Look back to the joke/paradox I started with. It proves that every positive integer has to be interesting. Every number, including the ones we use every day. Including the ones that no one has ever used in any mathematics or physics or economics paper, and never will. We can avoid that paradox by attacking the vagueness of “interesting” as a word. Are *you* interested to know the 137th number you can write as the sum of cubes in two different ways? Before you say ‘yes’, consider whether you could name it ten days after you’ve heard the number.

(Granted, yes, it would be nice to know the 137th such number. But would you ever remember it? Would you trust that it’ll be on some Wikipedia page that somehow is never threatened with deletion for not being noteworthy? Be honest.)

But suppose we have some property that isn’t so mushy. Suppose that we can describe it in some way that’s indexed by the positive integers. Furthermore, suppose that we show that in any set of the positive integers it must be true for the smallest number in that set. What do we know?

— We know that it must be true for *all* the positive integers. There’s a smallest positive integer. The positive integers have this well-ordered principle. So any subset of the positive integers has some smallest member. And if we can show that something or other is always true for the smallest number in a subset of the positive integers, there you go.

This technique we call, when it’s introduced, induction. It’s usually a baffling subject because it’s usually taught like this: suppose the thing you want to show is indexed to the positive integers. Show that it’s true when the index is ‘1’. Show that *if* the thing is true for an arbitrary index ‘n’, *then* you know it’s true for ‘n + 1’. It’s baffling because that second part is hard to visualize. The student makes a lot of mistakes in learning, on examples of what the sum of the first ‘N’ whole numbers or their squares or cubes are. I don’t think induction is ever taught in this well-ordering principle method. But it does get used in proofs, once you get to the part of analysis where you don’t have to interact with actual specific numbers much anymore.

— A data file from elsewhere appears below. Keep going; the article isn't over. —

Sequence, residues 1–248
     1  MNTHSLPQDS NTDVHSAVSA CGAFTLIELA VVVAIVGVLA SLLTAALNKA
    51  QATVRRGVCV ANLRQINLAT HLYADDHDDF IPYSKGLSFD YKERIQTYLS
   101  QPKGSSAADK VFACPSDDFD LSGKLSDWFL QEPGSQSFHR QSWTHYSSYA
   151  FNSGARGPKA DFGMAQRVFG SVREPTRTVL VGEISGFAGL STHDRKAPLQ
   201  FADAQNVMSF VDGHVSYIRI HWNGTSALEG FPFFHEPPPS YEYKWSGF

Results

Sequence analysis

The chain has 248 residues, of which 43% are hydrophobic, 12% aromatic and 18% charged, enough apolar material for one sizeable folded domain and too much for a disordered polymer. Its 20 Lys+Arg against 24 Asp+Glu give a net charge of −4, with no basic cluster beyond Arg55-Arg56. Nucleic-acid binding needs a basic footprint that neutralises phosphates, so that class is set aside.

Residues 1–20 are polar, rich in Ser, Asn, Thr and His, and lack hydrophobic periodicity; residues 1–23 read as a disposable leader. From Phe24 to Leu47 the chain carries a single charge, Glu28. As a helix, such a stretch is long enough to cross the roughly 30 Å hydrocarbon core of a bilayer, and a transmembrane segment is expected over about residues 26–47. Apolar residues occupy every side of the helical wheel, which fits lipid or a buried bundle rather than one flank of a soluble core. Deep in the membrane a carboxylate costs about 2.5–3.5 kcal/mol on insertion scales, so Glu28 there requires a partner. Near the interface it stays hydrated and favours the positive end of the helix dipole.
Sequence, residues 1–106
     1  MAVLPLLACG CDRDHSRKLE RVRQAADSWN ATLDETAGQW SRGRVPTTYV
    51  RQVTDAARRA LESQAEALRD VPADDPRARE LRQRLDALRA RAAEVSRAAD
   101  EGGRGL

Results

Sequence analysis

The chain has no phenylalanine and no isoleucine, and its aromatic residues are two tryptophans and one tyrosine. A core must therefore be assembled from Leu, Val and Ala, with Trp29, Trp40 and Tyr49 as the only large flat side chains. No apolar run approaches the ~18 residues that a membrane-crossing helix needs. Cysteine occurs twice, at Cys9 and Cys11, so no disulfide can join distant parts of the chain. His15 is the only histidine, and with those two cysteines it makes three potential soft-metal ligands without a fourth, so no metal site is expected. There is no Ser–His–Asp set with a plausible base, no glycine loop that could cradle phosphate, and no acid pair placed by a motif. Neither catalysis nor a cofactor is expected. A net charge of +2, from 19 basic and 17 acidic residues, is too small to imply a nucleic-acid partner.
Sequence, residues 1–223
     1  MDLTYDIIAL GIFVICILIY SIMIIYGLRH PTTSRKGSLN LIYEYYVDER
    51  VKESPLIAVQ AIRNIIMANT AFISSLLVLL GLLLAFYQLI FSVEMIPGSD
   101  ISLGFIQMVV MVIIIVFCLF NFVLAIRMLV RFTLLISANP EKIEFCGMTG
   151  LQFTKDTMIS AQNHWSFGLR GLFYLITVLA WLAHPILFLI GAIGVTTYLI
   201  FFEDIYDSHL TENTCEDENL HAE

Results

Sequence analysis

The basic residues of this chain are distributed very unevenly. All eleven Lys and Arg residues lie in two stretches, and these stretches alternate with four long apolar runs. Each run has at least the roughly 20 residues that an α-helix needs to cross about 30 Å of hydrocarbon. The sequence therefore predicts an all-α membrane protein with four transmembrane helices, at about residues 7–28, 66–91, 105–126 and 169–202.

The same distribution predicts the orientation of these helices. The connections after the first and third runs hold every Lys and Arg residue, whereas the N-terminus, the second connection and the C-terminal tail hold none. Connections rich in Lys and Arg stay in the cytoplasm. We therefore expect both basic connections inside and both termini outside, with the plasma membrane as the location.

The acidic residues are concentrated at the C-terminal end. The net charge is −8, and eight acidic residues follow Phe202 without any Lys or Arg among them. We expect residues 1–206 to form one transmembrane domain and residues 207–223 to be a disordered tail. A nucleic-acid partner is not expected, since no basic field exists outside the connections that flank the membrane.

The well-ordering principle also gives us the method of infinite descent. You encountered this in learning proofs about, like, how the square root of two must be an irrational number. In this, you show that if something is true for some positive integer, then it must *also* be true for some other, smaller positive integer. And therefore some other, smaller positive integer again. And again, until you get into numbers small enough you can check by hand.

It keeps creeping in. The Fundamental Theorem of Arithmetic says that every positive whole number larger than one is a product of a unique string of prime numbers. (Well, the order of the primes doesn’t matter. 2 times 3 times 5 is the same number as 3 times 2 times 5, and so on.) The well-ordering principle guarantees you can factor numbers into a product of primes. Watch this slick argument.

Suppose you have a set of whole numbers that isn’t the product of prime numbers. There must, by the well-ordering principle, be some smallest number in that set. Call that number ‘n’. We know that ‘n’ can’t be prime, because if it were, then that would be its prime factorization. So it must be the product of at least two other numbers. Let’s suppose it’s two numbers. Call them ‘a’ and ‘b’. So, ‘n’ is equal to ‘a’ times ‘b’.

Well, ‘a’ and ‘b’ have to be less than ‘n’. So they’re smaller than the smallest number that isn’t a product of primes. So, ‘a’ *is* the product of some set of primes. And ‘b’ is the product of some set of primes. And so, ‘n’ has to equal the primes that factor ‘a’ times the primes that factor ‘b’. … Which is the prime factorization of ‘n’. So, ‘n’ can’t be in the set of numbers that don’t have prime factorizations. And so there can’t be *any* numbers that don’t have prime factorizations. It’s for the same reason we worked out there aren’t any numbers with nothing interesting to say about them.

And isn’t it delightful to find so simple a principle can prove such specific things?